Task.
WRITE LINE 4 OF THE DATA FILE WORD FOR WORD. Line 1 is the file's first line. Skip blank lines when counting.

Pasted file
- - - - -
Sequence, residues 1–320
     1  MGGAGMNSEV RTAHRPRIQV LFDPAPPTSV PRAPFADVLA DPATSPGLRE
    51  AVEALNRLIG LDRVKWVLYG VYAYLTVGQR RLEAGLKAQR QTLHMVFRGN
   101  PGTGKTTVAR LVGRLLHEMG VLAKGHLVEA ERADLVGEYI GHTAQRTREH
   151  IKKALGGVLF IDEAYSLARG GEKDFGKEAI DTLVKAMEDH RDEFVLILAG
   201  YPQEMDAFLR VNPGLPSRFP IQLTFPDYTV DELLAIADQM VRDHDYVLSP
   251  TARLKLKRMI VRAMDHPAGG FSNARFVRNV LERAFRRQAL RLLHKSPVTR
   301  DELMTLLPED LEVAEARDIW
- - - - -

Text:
   101  PGTGKTTVAR LVGRLLHEMG VLAKGHLVEA ERADLVGEYI GHTAQRTREH